For decades Jane Bock and David Norris have been using plant science to help solve murders.
Her name is Jill Coit, and she has been married 11 times to nine different husbands, two of whom were mysteriously slain. Coit has used more than a dozen aliases, but she’s best known as simply “The Black Widow.”
After her ninth husband, Gerald Boggs, was found dead in October 1993 in his Steamboat Springs, Colo., home — clubbed with a shovel, tased and shot three times in the chest — the wheels of justice began to turn. Coit, who had never been charged in the 1972 suspicious shooting death of her third husband, started getting a lot of questions from law enforcement.
So did CU-Boulder faculty members Jane Bock and David Norris, internationally known experts in forensic botany, who were asked to join the investigation.
The two key questions for the professors: What was Boggs’ last meal, and what was his estimated time of death?
“From a law enforcement point of view, the stomach contents of victims are very useful — they can determine the subject’s last meal and help to identify the time he or she died,” says Norris, now a professor emeritus of integrative physiology. “At death the pyloric valve in the stomach shuts down, and whatever is in there remains as long as the stomach is intact.”
The breakfast ordered by Boggs the day before his body was discovered was no secret: He ate at the same restaurant every day, The Shack, and ordered the same thing — eggs, hash browns, toast and coffee. During their stomach content analysis, Norris and Bock found traces of hash browns. They estimated Boggs had eaten breakfast just a few hours before his death. Coit and her boyfriend, Michael Backus, had a credible alibi for the time Boggs would have eaten his last dinner, says Norris — but not for the time following his last breakfast.
“Documenting that breakfast was his last meal was enough information that authorities now were able to get a search warrant,” recalls Norris, an expert witness in the case.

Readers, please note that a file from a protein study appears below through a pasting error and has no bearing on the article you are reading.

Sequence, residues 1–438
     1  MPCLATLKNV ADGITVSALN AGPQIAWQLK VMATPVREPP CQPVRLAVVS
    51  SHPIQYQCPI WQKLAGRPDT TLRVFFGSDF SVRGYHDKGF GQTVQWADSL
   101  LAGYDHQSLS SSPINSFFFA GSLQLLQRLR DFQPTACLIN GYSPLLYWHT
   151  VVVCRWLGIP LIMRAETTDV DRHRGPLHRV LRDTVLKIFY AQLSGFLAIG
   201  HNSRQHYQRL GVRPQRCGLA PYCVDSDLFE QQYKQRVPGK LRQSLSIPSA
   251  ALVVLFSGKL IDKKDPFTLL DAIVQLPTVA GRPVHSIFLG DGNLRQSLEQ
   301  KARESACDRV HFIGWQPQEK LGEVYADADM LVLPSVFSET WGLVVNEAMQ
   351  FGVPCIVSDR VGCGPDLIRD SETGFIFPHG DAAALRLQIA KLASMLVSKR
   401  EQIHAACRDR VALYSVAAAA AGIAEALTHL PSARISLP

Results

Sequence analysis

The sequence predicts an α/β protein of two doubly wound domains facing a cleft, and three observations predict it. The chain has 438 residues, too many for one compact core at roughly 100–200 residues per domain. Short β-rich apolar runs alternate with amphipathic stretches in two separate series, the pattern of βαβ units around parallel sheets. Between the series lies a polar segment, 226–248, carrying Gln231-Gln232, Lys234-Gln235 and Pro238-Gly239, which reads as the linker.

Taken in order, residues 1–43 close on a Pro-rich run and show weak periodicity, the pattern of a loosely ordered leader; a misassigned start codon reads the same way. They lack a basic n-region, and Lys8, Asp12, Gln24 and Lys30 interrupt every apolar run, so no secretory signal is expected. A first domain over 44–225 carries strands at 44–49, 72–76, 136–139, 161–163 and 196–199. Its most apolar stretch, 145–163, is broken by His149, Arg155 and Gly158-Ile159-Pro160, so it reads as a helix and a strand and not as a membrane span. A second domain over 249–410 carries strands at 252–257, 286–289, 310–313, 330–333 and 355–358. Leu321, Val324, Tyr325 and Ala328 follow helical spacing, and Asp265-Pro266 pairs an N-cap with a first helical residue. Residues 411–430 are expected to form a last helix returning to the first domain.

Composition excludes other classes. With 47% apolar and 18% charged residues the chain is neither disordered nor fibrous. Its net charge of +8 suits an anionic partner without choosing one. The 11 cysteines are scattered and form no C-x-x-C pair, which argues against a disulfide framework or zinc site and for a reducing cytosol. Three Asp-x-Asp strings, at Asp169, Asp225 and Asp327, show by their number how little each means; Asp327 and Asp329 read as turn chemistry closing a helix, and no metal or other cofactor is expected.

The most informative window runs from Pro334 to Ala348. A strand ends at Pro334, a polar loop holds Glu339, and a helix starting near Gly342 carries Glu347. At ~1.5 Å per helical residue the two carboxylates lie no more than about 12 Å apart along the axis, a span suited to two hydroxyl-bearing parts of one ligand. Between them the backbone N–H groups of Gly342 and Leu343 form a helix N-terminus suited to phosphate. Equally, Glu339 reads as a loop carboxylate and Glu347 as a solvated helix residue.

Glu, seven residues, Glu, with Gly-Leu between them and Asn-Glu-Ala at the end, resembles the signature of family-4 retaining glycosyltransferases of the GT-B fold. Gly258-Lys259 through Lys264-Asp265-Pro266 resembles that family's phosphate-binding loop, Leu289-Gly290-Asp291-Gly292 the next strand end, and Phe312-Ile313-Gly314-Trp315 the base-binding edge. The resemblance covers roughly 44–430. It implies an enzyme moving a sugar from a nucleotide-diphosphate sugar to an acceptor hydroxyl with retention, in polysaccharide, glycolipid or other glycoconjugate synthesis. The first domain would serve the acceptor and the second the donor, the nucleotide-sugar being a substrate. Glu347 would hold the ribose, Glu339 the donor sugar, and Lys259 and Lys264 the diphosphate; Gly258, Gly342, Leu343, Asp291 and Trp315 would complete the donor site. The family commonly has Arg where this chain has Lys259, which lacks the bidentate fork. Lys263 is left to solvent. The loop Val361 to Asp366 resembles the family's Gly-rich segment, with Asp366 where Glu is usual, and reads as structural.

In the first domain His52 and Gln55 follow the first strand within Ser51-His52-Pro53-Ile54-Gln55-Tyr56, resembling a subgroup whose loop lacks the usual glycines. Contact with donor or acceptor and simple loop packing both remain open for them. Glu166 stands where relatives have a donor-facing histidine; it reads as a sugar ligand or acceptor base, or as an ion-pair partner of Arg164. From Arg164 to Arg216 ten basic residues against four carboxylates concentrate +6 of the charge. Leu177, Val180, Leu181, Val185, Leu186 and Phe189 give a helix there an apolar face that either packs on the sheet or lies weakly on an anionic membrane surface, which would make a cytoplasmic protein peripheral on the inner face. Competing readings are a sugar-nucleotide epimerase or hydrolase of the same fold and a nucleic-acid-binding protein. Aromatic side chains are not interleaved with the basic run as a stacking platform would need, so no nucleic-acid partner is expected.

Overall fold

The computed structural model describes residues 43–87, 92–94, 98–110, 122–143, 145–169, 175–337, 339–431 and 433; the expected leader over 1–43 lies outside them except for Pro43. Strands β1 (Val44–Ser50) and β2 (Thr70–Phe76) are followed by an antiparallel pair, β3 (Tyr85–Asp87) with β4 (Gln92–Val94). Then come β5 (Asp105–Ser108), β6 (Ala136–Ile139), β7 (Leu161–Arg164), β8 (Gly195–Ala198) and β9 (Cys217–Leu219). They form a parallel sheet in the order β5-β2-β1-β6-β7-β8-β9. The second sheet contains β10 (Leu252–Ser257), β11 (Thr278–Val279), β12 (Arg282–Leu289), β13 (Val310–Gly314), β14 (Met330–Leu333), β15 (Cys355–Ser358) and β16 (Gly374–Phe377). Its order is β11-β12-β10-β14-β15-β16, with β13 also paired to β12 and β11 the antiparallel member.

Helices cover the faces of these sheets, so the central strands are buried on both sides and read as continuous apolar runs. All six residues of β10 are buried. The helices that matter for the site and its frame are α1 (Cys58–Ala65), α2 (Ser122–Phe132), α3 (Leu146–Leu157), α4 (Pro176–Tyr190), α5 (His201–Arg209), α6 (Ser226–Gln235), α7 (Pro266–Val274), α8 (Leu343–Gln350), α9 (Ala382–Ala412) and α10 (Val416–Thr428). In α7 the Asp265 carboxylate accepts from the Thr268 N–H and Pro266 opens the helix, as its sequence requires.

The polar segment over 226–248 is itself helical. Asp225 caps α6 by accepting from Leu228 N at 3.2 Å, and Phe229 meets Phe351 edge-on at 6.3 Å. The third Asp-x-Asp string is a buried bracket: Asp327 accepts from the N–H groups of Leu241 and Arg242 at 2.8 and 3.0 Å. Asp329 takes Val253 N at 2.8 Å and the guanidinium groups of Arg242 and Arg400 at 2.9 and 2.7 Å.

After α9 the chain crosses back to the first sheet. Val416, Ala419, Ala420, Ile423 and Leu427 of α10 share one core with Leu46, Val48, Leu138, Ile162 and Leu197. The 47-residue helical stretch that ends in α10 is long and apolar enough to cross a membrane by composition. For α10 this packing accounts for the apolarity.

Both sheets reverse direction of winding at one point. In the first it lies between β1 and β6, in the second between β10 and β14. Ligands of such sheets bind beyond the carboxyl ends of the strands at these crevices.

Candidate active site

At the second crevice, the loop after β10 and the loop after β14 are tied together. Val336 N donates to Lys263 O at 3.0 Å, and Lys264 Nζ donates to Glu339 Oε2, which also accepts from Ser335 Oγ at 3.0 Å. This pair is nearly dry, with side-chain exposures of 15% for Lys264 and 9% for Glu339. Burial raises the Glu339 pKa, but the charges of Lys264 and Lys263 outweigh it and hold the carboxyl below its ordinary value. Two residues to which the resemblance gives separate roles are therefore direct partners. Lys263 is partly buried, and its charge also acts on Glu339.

Investigators found a stun gun in Coit’s car that produced marks on a dead pig identical to marks found on Boggs. The evidence continued to pile up. In 1995 Coit and Backus were convicted of first-
degree murder with no chance of parole.
Bock and Norris primarily investigate the presence and condition of plant material in gastrointestinal tracts of murder victims. The method works largely because plant cell walls are durable, have readily identifiable characteristics and can survive most digestive processes.
The pair has also used plant evidence to document the location and movements of suspects and victims.
In 1999, for example, the body of a 19-year-old woman was found on a golf course in the Grand Bahamas. Investigators found tiny bits of grass on the socks and shoes of one of two men seen leaving a bar with the victim the night before. Bock eventually identified the grass as almond Bahama, which grew only on one of the three golf courses on the island — the one where the victim was killed. Bock’s testimony helped put one of the suspects at the scene and led to convictions of both.
In 1987, the CU pair were among the founding members of NecroSearch International, Ltd., a nonprofit, volunteer organization involving criminal investigators and scientists dedicated to helping locate clandestine graves and key evidence in cases in which foul play is suspected. The organization has by now assisted in 300 cases in 43 states and 10 countries.